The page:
What impact will the recent events in Ukraine have on future EBRD projects in Ukraine and Russia?
For EBRD, the country strategy and pipeline for Russia and Ukraine are very important and politically sensitive matters. As well as Russia and Ukraine themselves, EBRD’s shareholders include the G7 countries, the EU, and the individual EU states but not India or China and they all have different views.
With respect to Ukraine, it has been agreed recently that the EBRD will increase its investments in Ukraine, including a return to sovereign lending for public sector projects, as part of an international economic support package for Ukraine. The EBRD could invest around €1 billion a year over the next few years, significantly raising its investments from the range of €550 to €750 million contemplated earlier in 2014. This increase is envisioned in the context of the response of the international community, including Ukraine’s agreement announced with the IMF for a macro-economic stabilisation programme.
With respect to sanctions imposed on Russia by the EU and the US, these sanctions do not apply directly to EBRD as an international financial institution although they can be very relevant to EBRD’s clients - borrowers and investee companies- as well as their business counterparties such as their suppliers or customers. They will also naturally be an important matter for Russia, the EU and the US individually as shareholders of EBRD.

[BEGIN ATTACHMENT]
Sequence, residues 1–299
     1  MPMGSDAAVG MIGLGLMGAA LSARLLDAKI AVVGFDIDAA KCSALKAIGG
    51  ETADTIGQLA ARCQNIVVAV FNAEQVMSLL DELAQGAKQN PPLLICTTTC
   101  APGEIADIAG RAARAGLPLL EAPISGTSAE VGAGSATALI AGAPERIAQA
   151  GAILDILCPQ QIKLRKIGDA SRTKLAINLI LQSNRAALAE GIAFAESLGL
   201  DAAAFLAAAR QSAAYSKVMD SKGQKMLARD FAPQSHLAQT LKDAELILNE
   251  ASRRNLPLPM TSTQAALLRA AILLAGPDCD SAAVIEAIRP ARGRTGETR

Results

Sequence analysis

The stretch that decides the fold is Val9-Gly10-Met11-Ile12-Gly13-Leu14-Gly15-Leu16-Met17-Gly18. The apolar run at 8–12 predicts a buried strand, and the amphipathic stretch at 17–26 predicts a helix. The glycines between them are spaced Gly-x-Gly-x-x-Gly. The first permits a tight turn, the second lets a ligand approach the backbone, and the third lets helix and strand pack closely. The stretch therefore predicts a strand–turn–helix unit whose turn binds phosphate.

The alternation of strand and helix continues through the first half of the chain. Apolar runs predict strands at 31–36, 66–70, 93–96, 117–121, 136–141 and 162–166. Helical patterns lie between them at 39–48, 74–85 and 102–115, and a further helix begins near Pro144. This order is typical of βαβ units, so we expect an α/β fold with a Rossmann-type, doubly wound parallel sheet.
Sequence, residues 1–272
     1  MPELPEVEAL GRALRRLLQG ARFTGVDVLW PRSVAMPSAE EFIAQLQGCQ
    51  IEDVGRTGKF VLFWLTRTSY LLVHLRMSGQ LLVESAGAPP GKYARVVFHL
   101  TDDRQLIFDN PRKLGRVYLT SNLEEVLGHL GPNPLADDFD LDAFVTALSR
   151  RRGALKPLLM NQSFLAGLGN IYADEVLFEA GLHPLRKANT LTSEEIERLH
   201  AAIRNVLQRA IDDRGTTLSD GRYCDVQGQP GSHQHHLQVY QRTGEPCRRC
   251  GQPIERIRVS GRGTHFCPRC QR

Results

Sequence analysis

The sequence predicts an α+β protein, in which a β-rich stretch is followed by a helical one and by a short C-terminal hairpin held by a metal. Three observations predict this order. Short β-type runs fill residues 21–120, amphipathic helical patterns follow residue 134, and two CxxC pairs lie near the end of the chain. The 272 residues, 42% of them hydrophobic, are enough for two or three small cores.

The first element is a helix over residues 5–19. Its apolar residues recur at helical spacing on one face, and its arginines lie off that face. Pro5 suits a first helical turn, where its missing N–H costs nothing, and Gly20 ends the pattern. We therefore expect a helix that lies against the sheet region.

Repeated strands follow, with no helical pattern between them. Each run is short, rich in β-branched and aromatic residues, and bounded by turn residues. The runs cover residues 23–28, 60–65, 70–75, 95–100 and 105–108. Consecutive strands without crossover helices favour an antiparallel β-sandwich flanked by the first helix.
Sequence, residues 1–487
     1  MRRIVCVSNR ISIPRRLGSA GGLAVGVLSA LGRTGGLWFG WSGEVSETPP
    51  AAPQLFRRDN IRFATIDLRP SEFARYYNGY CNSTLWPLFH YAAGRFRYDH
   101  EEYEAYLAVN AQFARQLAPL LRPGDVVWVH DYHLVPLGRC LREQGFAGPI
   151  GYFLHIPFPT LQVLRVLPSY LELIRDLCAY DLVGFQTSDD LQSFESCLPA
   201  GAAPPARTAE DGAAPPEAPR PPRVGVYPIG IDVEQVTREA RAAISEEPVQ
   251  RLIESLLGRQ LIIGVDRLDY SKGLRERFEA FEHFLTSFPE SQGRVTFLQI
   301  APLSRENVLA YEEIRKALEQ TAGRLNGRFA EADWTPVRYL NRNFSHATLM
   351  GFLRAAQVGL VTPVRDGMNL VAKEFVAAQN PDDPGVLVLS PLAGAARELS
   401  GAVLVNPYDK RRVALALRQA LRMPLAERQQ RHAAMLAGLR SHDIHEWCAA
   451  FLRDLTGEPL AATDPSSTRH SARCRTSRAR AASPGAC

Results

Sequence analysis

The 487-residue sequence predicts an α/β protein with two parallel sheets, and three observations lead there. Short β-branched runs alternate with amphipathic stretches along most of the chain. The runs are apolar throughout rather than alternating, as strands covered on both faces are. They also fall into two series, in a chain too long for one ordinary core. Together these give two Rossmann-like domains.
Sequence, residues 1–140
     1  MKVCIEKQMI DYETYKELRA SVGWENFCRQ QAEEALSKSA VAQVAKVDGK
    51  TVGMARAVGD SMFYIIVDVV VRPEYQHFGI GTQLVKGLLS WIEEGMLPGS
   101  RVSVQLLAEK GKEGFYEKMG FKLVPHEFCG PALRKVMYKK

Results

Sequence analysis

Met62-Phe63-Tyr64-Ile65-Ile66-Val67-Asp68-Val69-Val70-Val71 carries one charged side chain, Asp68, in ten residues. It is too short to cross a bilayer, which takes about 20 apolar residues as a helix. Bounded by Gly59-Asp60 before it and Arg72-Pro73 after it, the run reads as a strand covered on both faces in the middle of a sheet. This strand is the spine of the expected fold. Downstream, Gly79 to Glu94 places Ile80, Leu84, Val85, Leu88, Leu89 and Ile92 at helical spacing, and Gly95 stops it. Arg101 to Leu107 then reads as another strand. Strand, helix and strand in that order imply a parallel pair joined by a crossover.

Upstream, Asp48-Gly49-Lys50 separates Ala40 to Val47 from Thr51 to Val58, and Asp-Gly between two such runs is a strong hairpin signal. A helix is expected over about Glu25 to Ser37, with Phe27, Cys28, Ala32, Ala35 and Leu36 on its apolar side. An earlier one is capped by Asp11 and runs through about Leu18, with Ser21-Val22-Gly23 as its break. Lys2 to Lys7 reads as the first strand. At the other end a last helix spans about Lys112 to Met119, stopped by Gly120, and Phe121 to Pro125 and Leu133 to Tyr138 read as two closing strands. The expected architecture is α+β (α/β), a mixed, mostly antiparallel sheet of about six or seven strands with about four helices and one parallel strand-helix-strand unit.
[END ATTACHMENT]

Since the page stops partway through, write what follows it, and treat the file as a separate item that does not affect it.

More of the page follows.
What are the most common problems you face when investing in Ukraine?
There are general macroeconomic issues such as Hryvnia devaluation. We can’t lend in Hryvnia. We can lend in the local currency in most jurisdictions: we can have Rouble loans, Turkish Lira loans etc, and that’s obviously good for our local clients. But for Ukraine, it’s very difficult for the clients because they receive hard currency loans from EBRD, they generate revenue in local currency and then they have this obligation to repay EBRD in hard currency, and there’s no derivatives market: it’s not yet possible to enter into derivatives in Ukraine.